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Travel Australia

Following the Wine Trail

Australia has a huge diversity of wine regions producing some of the best wines in the world.

Wineries stretch right across the continent, from mountainous areas through to the coast. There are even wineries thriving in the Outback. Take Chateau Hornsby near Alice Springs for example. This winery caters for large numbers of tourists who come to taste the dry reds and whites produced here.

Wines from Australia regularly win major international awards. The latest example is the Nepenthe Ithaca Chardonnay, produced by Australian Vintage.  It was judged the Best Chardonnay in the World at the 2009 Decanter World Wine Awards in London. This is the world’s biggest wine competition. The classy chardonnay beat more than 10,000 wines from more than 2,000 producers.

Australian Wine

Australia's most famous wine is Penfolds Grange. The great 1955 vintage was submitted to competitions beginning in 1962 and over the years has won more than 50 gold medals. The vintage of 1971 won first prize in Syrah/Shiraz at the Wine Olympics in Paris. The 1990 vintage was named 'Red Wine of the Year' by the Wine Spectator magazine in 1995, which later rated the 1998 vintage 99 points out of a possible 100. Wine critic Hugh Johnson has called Grange the only First Growth of the Southern Hemisphere. The influential wine critic Robert Parker, who is well known for his love of Bordeaux wines, has written that Grange "has replaced Bordeaux's Pétrus as the world's most exotic and concentrated wine".

Other red wines to garner international attention include Henschke Hill of Grace, Clarendon Hills Astralis, D'Arenberg Dead Arm, Torbreck Run Rig and other high-end Penfolds wines such as St Henri shiraz.

The information included on Australian wine labels is strictly regulated. One aspect of this is that the label must not make any false or misleading statements about the source of the grapes. Many names (called geographic indications) are protected. These are divided into "South Eastern Australia", the state names, zones (shown in the map below), regions, and subregions. The largest volume of wine is produced from grapes grown in the warm climate Murray-Darling Basin zones of Lower Murray, North Western Victoria and Big Rivers. In general, the higher-value premium wines are made from smaller and cooler-climate regions.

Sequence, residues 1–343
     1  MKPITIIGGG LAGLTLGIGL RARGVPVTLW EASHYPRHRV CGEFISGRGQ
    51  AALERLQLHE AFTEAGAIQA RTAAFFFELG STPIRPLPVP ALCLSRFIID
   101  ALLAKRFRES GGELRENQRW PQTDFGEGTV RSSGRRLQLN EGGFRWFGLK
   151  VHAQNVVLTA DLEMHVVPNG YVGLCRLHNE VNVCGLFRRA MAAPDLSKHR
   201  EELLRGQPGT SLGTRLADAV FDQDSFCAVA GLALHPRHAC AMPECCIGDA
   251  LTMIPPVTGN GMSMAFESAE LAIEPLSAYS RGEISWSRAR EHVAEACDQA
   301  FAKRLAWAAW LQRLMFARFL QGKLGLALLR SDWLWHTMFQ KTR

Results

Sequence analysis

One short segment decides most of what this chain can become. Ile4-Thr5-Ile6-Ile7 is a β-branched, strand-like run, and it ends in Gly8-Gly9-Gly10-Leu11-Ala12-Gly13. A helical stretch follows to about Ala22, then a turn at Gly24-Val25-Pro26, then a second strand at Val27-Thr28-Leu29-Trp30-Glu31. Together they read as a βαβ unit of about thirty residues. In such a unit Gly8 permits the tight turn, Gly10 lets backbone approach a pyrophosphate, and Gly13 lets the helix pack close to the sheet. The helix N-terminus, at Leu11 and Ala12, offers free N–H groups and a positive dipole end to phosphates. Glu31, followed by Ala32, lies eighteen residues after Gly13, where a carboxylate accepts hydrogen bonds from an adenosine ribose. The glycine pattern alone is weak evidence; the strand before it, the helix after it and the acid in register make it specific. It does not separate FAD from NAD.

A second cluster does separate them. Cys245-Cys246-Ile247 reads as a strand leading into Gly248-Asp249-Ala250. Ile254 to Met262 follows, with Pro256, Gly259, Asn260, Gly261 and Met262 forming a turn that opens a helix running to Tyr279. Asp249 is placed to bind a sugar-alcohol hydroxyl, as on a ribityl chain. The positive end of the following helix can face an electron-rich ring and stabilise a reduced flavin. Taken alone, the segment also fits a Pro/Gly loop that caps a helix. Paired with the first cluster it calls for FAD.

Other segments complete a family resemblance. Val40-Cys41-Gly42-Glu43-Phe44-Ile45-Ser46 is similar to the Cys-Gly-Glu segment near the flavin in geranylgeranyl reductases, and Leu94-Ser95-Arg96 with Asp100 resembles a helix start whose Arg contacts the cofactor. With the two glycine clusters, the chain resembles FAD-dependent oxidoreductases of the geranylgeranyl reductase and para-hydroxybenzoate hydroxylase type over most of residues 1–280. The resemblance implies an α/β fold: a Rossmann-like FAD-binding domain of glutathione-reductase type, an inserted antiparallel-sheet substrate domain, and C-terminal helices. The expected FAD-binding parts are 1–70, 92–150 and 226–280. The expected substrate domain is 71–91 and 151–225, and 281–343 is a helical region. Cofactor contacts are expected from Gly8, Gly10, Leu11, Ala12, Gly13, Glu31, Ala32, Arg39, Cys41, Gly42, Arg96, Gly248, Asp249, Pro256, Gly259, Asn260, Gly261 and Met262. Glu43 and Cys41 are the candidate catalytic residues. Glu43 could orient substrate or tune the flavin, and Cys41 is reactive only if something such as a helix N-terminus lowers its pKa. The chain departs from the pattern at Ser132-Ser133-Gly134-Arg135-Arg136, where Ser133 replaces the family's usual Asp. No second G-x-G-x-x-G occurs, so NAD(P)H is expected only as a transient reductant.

Australian Wine Zones - Transferred from en.wikipedia; transfered to Commons by User:Kelly using CommonsHelper, Original uploader was Froggydarb

Australian Wineries - Some Australian wineries are huge, and produce wine in large quantities, to be shipped all over the world. But there are more than 5,000 boutique wineries scattered around the nation, most of which offer cellar door tastings. Many also house cafes and restaurants serving gourmet food, often with an emphasis on local produce.  Click here to find out more...


The Australian wine industry is the fourth-largest exporter in the world, exporting over 400 million litres a year to a large international export market that includes "old world" wine-producing countries such as France, Italy and Spain. There is also a significant domestic market for Australian wines, with Australians consuming over 400 million litres of wine per year. The wine industry is a significant contributor to the Australian economy through production, employment, export and tourism.

Vine cuttings from the Cape of Good Hope were brought to the penal colony of New South Wales by Governor Phillip on the First Fleet (1788). An attempt at wine making from these first vines failed, but with perseverance, other settlers managed to successfully cultivate vines for winemaking, and Australian made wine was available for sale domestically by the 1820s.

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